Intergalactic Clouds

So most textbooks would have you believe that the intergalactic medium (usually known as the IGM) is largely just a barren void. A total vacuum in most places with a density of about 1 atom per cubic metre. Virtual nothingness.

Well… That’s not entirely true.
Actually, the IGM is seemingly interspersed with vast gas clouds. And when I say vast, I really mean vast. The image is a radio telescope mosaic image of Smith’s Cloud, a huge cloud of hydrogen gas in intergalactic space. It’s around 11,000 light years long (which is about 1/10 the width of the Milky Way, or as large as a small galaxy!). Actually, if you could see it with the naked eye, it would appear 20 times as big as the full moon in the night sky.

Smith’s Cloud is travelling at high speed directly towards the Milky Way — at around 240km every second. It sounds ludicrously fast, but it’s not actually going to reach us for at least another 20 million years. The part of the Milky Way it hits will probably undergo a dramatic burst of star formation after this happens, probably as a huge ring of stars.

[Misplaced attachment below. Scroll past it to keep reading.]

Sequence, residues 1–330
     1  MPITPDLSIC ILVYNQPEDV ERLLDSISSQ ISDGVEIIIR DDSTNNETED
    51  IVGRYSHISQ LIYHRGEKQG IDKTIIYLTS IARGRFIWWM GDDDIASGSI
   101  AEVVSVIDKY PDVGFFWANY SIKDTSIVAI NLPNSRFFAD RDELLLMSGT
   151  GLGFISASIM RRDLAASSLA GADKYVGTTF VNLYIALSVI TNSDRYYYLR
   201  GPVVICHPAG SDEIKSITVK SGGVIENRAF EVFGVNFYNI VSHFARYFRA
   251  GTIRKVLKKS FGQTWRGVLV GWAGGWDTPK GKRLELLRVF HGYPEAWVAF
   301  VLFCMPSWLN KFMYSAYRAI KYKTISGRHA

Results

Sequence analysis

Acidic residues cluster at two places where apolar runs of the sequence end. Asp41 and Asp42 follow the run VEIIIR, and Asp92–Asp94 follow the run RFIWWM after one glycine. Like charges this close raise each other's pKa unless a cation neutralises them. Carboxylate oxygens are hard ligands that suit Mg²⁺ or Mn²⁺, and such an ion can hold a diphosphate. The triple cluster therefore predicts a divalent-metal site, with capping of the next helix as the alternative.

Seemingly, this isn’t the first time such a collision has occurred, either. We know, because we’ve seen a gigantic mushroom cloud (about 1000 light years big) sticking out of our galaxy, where a similar cloud has ploughed straight through and emerged from the other side, as well as some huge gas loops sticking out of other parts of the galaxy.

What’s more, there’s a ring of stars around 2000 light years in diameter (including some of the brightest nearby stars) in our galactic neighbourhood that could’ve formed as a result of a similar event. When the biggest ones go supernova, they then trigger smaller rings of stars encircling them, a lot like rings of mushrooms. Personally, I think that’s rather poetic. Circles really do exist everywhere.

About Invader Xan

Molecular astrophysicist, usually found writing frenziedly, staring at the sky, or drinking mojitos.
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